Geoff: We grew up together while playing for Bayside. Tim was my age and whenGC-2 we got older, he went his way and took over his father’s business and was doing so well at it and was on the verge of getting married to his long-time girlfriend. It was really, really tough because you look at a guy like that and he had such a great heart, never did anything wrong and was a loyal and true friend. The memories that we had growing up together, traveling for Bayside and going down to the Christmas tournament down in Disney – we had so many great memories, and seeing him struggle with such a terrible disease was really tough. You don’t want to see someone that you’re close to go through something like that. We disappeared from each other’s lives for a little bit when I went off to go to college, and he was taking care of the business, but we always found time to try and talk to one another.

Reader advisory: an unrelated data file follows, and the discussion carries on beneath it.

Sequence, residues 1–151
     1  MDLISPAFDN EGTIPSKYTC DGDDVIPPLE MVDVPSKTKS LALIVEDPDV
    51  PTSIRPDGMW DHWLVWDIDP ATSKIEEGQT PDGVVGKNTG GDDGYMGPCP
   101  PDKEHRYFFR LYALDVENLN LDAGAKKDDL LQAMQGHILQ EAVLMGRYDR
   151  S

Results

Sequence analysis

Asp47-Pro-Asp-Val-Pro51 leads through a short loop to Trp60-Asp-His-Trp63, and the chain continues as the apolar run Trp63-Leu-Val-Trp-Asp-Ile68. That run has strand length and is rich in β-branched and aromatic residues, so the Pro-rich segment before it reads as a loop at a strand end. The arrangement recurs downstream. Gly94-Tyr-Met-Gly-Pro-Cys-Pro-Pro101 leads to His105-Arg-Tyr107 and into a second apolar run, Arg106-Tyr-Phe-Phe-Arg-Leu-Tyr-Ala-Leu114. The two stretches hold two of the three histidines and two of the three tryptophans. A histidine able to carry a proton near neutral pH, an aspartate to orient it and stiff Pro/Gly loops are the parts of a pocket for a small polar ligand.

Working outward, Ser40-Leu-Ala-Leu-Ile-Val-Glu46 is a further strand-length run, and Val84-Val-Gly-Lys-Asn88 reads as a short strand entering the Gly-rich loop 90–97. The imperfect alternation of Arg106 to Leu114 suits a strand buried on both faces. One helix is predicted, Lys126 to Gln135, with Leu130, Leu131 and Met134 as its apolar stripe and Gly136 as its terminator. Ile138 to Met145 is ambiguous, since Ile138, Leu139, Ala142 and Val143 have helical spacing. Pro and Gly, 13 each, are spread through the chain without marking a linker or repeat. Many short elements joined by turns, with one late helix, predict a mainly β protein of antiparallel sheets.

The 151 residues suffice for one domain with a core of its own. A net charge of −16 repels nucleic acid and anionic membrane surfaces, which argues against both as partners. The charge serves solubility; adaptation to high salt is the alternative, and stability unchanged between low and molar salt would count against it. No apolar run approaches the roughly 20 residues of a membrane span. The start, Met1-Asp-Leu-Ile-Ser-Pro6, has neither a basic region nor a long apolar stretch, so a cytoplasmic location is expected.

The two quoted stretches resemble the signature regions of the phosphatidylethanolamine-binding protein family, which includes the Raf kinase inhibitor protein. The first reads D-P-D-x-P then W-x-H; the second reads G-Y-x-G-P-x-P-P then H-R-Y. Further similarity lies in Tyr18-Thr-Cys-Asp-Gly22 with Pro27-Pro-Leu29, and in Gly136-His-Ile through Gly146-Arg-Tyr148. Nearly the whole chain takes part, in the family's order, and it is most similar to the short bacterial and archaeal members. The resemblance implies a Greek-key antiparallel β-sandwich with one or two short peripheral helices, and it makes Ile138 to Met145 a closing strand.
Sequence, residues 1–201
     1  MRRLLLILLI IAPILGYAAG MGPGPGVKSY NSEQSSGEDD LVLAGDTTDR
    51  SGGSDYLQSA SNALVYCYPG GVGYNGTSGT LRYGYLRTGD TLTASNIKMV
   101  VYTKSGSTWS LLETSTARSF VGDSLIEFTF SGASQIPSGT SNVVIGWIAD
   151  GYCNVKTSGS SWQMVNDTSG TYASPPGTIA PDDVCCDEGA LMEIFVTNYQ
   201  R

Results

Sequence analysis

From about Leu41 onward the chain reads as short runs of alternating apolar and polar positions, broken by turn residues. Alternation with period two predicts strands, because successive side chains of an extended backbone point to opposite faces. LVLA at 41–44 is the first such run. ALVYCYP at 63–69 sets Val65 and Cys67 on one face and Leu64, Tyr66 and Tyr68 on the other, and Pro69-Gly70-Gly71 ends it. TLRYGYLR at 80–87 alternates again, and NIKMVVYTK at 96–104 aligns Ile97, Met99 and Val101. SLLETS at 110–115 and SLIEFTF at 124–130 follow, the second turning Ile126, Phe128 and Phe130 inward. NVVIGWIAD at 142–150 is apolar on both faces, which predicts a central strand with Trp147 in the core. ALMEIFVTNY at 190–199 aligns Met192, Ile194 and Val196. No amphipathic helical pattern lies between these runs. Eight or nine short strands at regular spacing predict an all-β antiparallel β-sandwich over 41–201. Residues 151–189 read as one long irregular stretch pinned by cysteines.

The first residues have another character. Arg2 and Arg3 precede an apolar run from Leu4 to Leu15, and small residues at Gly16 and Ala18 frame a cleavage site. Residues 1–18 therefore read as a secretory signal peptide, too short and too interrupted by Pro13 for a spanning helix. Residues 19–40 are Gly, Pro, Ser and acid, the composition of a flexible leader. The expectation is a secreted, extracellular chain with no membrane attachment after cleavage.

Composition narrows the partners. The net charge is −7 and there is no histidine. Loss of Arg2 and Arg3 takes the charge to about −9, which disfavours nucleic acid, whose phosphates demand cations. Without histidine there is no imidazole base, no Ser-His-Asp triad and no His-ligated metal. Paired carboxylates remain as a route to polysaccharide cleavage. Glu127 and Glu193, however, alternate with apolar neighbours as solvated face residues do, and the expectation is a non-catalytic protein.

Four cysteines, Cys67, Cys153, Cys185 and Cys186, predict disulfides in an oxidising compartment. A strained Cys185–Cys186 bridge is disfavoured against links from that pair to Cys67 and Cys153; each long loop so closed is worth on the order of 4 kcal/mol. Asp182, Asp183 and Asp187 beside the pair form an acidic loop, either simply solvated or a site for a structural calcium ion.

Once I found out that he was going through a tough time, I reached out to him immediately, and we were talking every day. I would text him in the morning before training and ask him, “Hey man, how are you feeling today?” and find out whether it was a good day or a bad day. If it was a bad day, I’d just try tell him, “Let’s try to make it a positive day,” little things like that to try and give him something to look forward to. With him being able to come down to the Revolution game when Houston played the Revs (on May 19, 2012) and just to see him…it really, really made me proud of the person he was and how strong he was as a person. Not everyone can go through something like that, especially so young. It was so sad, but what he left me with was someone who was a true friend, a loving and caring kid who would do anything for anybody. He’d take the shirt off his back for anybody, and having the honor to play with him was truly something special to me.

NEST: I think something like remembering Tim while you were abroad truly speaks to how much you’ll always be Geoff Cameron, the kid from Attleboro. And now that you’re here, after nearly 18 months away, how does it feel to be back in the area for a few weeks?